Presenting financial information in an easily digestible format is essential when communicating with external stakeholders such as lenders, investors and other strategic partners. These communications are vital to the long-term success of a business; however, it can be a struggle for many small and mid-size businesses. To help, below are three keys to successfully communicating the financial state of your business with external stakeholders.
#1 Be Concise
The easier it is for an external stakeholder to interpret results, the easier it will be for the company to achieve its desires from that stakeholder.
Banks. If you’re seeking a line of credit from a bank, it is important to distill the financial results of the company into a simple format that shows them they should lend to you. They want to know you have cash to pay your bills. They want to know you have proven you can collect from customers. They want to see profitability that is consistent and stable. If any of these things require explanation, provide it.
Investors. Investors want to understand why and how your business can generate a return for them and provide comfort that their capital is reasonably safe.
Strategic Partners. A key strategic partner will want an understanding that they can commit resources to working with you in a manner that will be fruitful.
These stakeholders do not want to weed through a book. Furthermore, simply exporting your income statement and balance sheet directly from your accounting software is not enough. Summary narratives, graphs, charts and reports can be very effective as they will enable the stakeholder to better interpret the financials of the business, as opposed to allowing them to develop their own conclusions.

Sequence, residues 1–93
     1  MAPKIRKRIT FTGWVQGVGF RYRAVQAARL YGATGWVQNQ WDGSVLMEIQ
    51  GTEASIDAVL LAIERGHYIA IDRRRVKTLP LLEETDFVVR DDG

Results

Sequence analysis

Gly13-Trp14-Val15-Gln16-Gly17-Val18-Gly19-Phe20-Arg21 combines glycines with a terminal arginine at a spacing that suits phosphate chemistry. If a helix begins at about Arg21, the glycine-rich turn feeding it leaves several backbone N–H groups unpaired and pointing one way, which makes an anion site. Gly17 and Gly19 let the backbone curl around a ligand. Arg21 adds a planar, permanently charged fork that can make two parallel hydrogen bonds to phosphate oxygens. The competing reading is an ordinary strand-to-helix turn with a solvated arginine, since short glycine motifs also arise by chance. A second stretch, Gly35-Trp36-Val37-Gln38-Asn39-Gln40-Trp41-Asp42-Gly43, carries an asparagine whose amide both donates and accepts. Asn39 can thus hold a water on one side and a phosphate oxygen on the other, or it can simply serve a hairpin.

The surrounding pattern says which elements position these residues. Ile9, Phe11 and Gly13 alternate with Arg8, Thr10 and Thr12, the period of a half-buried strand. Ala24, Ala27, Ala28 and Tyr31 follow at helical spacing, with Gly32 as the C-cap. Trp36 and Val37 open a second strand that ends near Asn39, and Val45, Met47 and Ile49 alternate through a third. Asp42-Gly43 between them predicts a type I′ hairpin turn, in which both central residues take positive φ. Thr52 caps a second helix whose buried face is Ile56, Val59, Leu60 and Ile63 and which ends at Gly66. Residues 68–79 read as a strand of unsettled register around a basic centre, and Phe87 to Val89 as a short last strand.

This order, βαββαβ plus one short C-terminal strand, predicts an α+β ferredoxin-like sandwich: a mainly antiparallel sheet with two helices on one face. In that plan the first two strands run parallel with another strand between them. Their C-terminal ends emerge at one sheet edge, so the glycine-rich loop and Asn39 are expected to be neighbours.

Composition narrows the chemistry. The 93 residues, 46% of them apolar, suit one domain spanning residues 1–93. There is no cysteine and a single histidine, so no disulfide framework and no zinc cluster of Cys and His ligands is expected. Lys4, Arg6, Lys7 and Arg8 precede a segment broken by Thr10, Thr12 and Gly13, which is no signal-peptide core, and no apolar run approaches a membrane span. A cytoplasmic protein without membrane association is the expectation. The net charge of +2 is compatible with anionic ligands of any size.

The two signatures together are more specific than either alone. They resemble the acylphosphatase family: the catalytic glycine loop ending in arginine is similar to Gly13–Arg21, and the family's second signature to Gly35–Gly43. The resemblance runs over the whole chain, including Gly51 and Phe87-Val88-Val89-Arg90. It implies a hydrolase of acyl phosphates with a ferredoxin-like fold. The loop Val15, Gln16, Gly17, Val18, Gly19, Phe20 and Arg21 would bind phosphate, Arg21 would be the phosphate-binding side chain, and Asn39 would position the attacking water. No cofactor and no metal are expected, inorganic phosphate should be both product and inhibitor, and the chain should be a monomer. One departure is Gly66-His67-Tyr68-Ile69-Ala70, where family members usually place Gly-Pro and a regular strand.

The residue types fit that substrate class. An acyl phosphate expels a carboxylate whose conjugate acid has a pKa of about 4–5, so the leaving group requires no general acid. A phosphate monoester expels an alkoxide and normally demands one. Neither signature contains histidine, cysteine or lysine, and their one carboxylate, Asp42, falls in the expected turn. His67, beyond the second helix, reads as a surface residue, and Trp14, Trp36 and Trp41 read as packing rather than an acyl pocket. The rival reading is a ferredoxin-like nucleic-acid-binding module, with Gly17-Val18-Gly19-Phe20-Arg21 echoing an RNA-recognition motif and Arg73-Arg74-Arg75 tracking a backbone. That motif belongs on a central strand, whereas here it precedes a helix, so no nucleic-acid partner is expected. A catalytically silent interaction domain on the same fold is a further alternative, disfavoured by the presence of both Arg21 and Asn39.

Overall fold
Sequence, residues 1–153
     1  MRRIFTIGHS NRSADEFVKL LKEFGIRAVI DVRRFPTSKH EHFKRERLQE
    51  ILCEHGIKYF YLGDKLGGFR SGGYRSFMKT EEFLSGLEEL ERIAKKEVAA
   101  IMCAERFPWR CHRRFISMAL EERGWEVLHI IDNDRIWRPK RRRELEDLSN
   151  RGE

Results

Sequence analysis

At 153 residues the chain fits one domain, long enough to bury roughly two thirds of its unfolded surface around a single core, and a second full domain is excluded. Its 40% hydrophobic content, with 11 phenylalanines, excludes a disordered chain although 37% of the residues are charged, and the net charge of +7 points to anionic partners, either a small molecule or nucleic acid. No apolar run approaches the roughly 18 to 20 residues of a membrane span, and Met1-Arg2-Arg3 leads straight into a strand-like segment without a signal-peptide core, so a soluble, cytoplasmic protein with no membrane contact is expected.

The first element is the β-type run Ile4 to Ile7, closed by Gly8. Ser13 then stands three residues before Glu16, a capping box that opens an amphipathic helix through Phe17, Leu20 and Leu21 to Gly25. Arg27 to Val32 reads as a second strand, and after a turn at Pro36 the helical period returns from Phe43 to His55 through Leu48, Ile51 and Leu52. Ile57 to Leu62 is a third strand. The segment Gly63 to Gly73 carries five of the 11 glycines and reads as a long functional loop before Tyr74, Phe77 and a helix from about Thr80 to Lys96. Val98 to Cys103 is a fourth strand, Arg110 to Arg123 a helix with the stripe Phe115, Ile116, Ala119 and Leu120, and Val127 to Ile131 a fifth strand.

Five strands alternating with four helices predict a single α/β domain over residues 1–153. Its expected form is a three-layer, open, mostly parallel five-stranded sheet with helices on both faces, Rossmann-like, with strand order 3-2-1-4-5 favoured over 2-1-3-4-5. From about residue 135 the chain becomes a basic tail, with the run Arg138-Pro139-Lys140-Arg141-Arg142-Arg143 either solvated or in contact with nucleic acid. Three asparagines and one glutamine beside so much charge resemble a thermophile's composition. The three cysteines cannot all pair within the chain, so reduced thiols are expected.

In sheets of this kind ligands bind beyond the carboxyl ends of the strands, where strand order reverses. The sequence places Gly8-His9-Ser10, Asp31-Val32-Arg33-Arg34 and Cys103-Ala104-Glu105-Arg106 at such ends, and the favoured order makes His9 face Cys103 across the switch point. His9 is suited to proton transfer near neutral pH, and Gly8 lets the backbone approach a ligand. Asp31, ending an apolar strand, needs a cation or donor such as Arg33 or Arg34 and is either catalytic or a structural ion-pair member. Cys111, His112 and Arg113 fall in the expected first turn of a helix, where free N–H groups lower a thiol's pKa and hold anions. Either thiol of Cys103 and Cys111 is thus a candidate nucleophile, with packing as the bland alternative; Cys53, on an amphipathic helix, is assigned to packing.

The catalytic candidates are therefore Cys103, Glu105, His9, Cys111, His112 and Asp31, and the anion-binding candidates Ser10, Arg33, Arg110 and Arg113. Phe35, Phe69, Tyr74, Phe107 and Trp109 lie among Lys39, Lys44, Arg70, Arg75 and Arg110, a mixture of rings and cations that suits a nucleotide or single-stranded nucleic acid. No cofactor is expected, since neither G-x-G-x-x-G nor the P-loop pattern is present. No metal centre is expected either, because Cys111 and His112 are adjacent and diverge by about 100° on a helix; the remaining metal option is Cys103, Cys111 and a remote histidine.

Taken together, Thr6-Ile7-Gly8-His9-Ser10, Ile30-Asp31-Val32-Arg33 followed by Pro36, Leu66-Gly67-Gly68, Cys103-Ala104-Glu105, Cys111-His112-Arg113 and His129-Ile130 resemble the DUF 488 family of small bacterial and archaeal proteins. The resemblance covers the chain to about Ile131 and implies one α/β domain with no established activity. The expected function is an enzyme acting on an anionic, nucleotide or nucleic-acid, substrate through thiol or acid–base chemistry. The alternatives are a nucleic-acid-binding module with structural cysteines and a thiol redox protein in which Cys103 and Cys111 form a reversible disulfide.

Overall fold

At the same time, you do not want to show too much or too little financial information. Voluminous information will likely go unread. While not providing enough information can result in the investor or lender making incorrect assumptions about the business. If more detail is sought, it can be provided.
By making it easier to understand your business on paper, you are far more likely to get the answer that you want.
#2 Clearly State Objectives
What is it the business is trying to accomplish with the external stakeholder? You will have a higher rate of success if you anticipate and address the stakeholder’s questions upfront.
For banks, you need to clearly communicate why the money is being sought from the bank. What are the uses of the funds? For example, oftentimes an expansion won’t just require capital to purchase equipment, but could also necessitate additional staff, office space, etc.
The same applies to investors. Can an investor interpret in a quick read the high level goal(s) the business is trying to achieve? Also, what are the risks involved for the business?
It is also best to take objections off the table proactively. If new competition is coming to the market, what is your plan to combat it? If opening a new market, what makes you think you can be successful there? Laying out potential obstacles tells the stakeholder that you have thought about them and gives them confidence in your business.
#3 Be Honest and Direct
This can often be the toughest of all. No one likes to share bad news. Far too many businesses choose not to communicate at all when this happens; however, when things are not going as well as planned, this is perhaps the most important time to communicate with external stakeholders. Don’t hide a bad quarter; explain what happened and what you are doing about it. Again, this demonstrates that you have a handle on the business and that there is not cause for undue worry. Every business will experience some hard times, but having your key allies informed and confident in your abilities will
greatly enhance your ability to weather the storm.